Disappointing poverty trends : is the social investment state to blame? An exercise in soul-searching for policy-makersDisappointing poverty trends : is the social investment state to blame? An exercise in soul-searching for policy-makers
Faculty of Social Sciences. Sociology
Antwerp :UA, 2011[*]2011
CSB working paper / University of Antwerp, Herman Deleeck Centre for Social Policy ; 11/01
University of Antwerp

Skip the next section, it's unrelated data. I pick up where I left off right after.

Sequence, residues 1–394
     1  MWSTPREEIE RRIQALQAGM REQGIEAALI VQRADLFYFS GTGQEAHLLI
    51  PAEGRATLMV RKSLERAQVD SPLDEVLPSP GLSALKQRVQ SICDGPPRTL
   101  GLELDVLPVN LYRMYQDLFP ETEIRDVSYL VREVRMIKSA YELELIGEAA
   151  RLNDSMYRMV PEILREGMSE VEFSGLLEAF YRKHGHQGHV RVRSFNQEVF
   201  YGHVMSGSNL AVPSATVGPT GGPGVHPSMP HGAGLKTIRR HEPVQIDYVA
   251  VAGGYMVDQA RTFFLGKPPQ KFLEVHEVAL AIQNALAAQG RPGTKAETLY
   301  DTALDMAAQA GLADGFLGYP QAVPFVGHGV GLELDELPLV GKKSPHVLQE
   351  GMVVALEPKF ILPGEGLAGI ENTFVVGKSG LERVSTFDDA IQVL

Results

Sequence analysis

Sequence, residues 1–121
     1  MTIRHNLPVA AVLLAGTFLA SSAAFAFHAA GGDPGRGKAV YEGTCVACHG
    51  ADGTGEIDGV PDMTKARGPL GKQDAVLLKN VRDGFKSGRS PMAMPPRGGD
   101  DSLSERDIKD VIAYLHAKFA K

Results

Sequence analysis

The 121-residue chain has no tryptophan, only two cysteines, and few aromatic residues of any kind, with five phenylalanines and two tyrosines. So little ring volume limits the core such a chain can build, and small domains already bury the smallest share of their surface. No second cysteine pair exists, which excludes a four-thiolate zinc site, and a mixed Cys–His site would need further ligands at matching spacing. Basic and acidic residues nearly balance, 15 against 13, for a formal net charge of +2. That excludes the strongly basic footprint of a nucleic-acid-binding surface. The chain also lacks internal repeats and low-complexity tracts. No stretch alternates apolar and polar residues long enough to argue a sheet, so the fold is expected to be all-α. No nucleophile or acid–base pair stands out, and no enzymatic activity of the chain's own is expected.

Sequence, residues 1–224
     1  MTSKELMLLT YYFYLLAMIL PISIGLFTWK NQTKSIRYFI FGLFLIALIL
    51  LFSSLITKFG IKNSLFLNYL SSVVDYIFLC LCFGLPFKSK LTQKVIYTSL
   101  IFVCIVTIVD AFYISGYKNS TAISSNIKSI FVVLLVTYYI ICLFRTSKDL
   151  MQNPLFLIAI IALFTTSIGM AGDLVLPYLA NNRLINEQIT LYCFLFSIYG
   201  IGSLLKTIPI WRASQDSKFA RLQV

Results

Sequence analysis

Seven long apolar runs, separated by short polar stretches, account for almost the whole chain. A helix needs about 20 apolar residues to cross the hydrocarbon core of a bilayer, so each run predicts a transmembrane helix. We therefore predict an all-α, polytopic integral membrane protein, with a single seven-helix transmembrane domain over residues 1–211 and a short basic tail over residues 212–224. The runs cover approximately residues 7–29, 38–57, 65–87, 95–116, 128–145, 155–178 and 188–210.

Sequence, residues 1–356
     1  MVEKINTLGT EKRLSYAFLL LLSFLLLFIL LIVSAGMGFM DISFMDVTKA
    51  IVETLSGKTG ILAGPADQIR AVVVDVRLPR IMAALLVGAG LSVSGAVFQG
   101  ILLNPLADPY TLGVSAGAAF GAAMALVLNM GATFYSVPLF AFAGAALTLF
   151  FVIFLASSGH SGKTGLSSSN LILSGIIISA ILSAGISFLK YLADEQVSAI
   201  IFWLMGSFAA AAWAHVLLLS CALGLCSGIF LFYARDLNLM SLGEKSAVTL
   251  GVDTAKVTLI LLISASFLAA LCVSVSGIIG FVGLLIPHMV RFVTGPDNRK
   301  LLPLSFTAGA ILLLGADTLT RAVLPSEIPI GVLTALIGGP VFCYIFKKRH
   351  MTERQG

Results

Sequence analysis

Should we explain the disappointing outcomes of the Open Method of Coordination on Inclusion by methodological weaknesses or by substantive contradictions in the social investment paradigm? To clarify the underlying concepts, we first revisit the original Lisbon inspiration, and subsequently relate it to the idea of the new welfare state, as proposed in the literature on new risks in post-industrial societies. We then discuss two explanations for disappointing poverty trends, suggested by critical accounts of the social investment state: resource competition and a re-commodification. We do not find these explanations convincing per se and conclude that the jury is still out on the social investment state. However, policy makers cannot ignore the failure of employment policies to reduce the proportion of children and working-age adults living in jobless households in the EU, and they should not deny the reality of a trilemma of activation. Finally, we identify policy conditions that may facilitate the complementarity of social investment and social inclusion.